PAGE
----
The Irish Setter is a setter, a breed of gundog and family dog. The term Irish Setter is commonly used to encompass the show-bred dog recognized by the American Kennel Club as well as the field-bred Red Setter recognized by the Field Dog Stud Book. It is clear that, by the early 18th Century, the type of dog known as the ‘Setter’ had come into its own right. It is also clear the Irish had begun actively breeding their own type. The Breed Standard for the modern Irish Setter was first drawn up by the Irish Red Setter Club in Dublin and approved on 29 March 1886.
Irish Setters get along well with children, other dogs, and any household pets. Even though they do well with household pets, small animals may pose a problem for this breed, as they are a hunting breed. Lack of activity will lead to a bored, destructive, or even hyperactive dog. This is not a breed that can be left alone in the backyard for long periods of time, nor should they be. Irish Setters thrive on constant human companionship. Irish Setters respond swiftly to positive training and are highly intelligent. They are also widely used as therapy dogs in schools and hospitals.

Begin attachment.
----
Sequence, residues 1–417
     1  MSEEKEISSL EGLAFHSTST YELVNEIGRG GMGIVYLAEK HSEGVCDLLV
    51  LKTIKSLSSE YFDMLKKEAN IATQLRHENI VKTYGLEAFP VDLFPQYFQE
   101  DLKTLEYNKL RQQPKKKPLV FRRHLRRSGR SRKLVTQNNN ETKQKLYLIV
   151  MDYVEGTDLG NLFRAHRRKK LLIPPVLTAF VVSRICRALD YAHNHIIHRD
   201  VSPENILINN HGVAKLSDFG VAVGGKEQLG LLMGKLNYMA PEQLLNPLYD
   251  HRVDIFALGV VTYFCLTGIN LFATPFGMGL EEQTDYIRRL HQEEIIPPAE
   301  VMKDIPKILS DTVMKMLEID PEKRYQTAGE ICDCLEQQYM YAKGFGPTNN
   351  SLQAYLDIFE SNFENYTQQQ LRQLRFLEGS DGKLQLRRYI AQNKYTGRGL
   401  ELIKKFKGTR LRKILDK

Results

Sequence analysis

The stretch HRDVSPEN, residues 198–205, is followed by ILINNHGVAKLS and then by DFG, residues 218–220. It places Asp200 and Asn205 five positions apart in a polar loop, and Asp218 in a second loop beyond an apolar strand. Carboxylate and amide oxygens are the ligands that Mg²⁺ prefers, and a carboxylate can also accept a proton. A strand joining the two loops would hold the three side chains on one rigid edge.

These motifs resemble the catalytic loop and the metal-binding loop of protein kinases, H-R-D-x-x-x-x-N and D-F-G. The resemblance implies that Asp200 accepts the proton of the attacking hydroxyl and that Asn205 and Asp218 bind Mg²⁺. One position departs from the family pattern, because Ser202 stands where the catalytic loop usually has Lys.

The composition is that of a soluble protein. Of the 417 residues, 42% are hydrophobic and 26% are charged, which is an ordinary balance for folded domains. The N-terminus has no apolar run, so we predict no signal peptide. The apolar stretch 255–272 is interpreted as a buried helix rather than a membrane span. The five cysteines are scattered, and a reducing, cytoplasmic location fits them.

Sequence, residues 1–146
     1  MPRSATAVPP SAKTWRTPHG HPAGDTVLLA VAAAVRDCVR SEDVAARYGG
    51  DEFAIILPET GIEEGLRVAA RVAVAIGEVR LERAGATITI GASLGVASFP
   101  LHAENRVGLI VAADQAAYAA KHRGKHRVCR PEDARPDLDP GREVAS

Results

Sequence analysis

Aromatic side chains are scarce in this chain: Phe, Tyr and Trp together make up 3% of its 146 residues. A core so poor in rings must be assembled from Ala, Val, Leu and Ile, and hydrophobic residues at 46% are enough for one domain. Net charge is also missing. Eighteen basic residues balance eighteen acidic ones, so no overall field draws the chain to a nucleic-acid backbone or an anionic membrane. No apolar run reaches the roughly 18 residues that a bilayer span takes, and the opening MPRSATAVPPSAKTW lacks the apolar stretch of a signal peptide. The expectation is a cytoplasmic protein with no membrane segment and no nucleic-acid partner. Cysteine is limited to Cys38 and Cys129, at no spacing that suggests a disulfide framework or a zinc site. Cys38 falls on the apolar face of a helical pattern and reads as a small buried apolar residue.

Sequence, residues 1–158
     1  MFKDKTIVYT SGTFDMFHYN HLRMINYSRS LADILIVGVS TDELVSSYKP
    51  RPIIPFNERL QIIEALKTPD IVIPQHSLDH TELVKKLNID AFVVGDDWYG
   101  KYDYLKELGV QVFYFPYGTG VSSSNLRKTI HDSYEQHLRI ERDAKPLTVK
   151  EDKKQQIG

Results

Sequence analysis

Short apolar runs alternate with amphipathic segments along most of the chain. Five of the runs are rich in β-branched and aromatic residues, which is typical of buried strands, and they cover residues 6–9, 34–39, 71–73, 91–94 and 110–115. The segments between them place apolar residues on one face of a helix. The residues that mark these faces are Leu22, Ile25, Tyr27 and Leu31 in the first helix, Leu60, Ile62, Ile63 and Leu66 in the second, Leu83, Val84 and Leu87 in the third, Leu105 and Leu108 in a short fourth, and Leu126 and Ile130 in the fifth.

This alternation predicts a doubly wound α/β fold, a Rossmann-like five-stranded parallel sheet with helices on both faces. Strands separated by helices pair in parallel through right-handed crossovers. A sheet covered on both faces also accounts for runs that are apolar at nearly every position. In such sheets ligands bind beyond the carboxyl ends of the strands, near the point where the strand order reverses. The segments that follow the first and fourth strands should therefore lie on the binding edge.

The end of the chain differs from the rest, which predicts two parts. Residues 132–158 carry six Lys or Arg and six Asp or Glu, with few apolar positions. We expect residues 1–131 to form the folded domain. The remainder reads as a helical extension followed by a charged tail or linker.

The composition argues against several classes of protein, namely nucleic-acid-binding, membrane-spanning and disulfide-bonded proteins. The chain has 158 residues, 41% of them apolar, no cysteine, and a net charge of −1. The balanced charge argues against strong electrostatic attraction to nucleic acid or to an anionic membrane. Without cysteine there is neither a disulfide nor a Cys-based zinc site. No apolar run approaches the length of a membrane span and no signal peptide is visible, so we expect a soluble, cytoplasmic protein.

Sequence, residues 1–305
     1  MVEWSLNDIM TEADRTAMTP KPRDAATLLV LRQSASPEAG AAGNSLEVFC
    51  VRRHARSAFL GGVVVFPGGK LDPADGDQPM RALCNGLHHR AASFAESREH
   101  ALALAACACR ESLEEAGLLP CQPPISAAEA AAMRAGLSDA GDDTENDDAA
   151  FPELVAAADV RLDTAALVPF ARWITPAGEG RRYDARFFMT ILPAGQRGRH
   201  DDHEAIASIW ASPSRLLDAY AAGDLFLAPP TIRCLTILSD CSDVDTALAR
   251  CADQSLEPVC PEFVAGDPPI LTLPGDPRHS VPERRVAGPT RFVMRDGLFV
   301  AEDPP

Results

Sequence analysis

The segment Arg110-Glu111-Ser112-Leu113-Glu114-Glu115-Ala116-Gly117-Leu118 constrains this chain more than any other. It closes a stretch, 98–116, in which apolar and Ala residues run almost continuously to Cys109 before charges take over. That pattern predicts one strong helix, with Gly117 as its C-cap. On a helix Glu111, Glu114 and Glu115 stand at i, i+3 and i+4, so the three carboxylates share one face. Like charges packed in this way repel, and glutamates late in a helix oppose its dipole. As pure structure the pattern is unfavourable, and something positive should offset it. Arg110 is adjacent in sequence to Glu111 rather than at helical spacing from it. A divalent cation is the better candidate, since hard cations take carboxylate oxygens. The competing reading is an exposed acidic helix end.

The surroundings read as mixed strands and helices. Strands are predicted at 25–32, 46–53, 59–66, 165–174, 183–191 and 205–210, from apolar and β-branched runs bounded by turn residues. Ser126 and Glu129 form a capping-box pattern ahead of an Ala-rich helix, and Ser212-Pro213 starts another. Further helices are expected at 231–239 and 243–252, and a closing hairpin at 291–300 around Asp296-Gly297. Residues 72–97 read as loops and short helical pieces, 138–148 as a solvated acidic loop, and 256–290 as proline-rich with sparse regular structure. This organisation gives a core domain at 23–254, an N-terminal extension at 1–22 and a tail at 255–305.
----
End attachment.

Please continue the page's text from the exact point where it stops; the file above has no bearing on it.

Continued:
Considerable. Irish Setters are an active breed, and require long, daily walks and off-lead running in wide, open spaces. They are a tireless, wide-ranging hunter, and well-suited to fields and wet or dry moorland terrain.
From 61 to 71 cm / From 29 to 34 kg (M) and 25 to 29 kg (F).
The coat is moderately long, silky, and of a red or chestnut color. It requires frequent brushing to maintain its condition and keep it mat-free. The undercoat is abundant in winter weather, and the top coat is fine. Their coats should also feather in places such as the tail, ears, chest, legs, and body.
Red or chestnut color.
(Source: Wikipédia & The Ultimate Dogs, Dog Breeds & Dog Care by Dr Peter Larkin & Mike Stockman, August 2015)